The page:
Fear Displaced by Rebecca L Matthews
Fear. It doesn’t just cripple the moment, it taints all aspects of life. It distorts truth. What is perceived as real is far from reality. It hinders. It chains and oppresses. Fear is an entity, a life-robbing being which drapes its wrath about you, impersonating comfort until you’re comfortable in it.
Fear touches the vast crevices of life so that it’s something that can’t be disregarded or discarded. It seems as though it’s imbedded and permanent, part of the very thread that makes up the fabric of who you are and the life you’re living.
Fear. It influences decisions, dictates relationships, and designs schedules.
Consider what sways your decisions, and think on how much of your choices are controlled by fear. We fear others’ opinions, what we are lacking, what our choices today will mean for our tomorrow. We fear for our health and that of our loved ones and friends. We are afraid of death and dying and loss and sorrow. We are overcome by mind-altering grief due to fear that robs us of life and makes us ill.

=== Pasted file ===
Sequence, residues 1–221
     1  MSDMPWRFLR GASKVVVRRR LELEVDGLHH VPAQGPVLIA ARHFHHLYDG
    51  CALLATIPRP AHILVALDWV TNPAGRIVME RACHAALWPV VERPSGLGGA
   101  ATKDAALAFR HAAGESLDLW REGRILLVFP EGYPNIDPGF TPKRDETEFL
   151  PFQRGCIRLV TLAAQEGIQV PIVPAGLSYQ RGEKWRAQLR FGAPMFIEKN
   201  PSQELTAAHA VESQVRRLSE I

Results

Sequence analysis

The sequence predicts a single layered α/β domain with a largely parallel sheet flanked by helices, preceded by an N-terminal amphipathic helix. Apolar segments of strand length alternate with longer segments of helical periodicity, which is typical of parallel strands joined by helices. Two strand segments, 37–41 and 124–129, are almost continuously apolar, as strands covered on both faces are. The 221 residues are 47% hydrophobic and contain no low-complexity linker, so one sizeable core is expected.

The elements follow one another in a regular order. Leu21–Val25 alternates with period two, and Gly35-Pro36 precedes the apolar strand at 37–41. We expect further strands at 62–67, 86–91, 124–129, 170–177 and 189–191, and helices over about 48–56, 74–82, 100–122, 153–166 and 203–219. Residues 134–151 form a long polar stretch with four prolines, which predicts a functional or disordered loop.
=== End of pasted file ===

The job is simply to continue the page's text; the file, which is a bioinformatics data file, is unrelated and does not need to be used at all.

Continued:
Are you ready to live life? Are you ready to live fear free? Are you ready to open up your world? Are you ready?
I want us to instead focus on God. Talk to Christ always. Invite His Holy Spirit to dwell within you and grow in a deeply intimate relationship with Him. With the Holy Spirit living inside, God can guide you, encourage you, and fill you with His peace. Also, as He becomes more of a focus in your life, fear is naturally diminished. When we have Christ, first and foremost, at our center, when we choose to keep our eyes on Him, regardless of the circumstances in our life, His qualities fill us to overflowing. Though I know this and encourage it for others, I must confess my own shortcoming.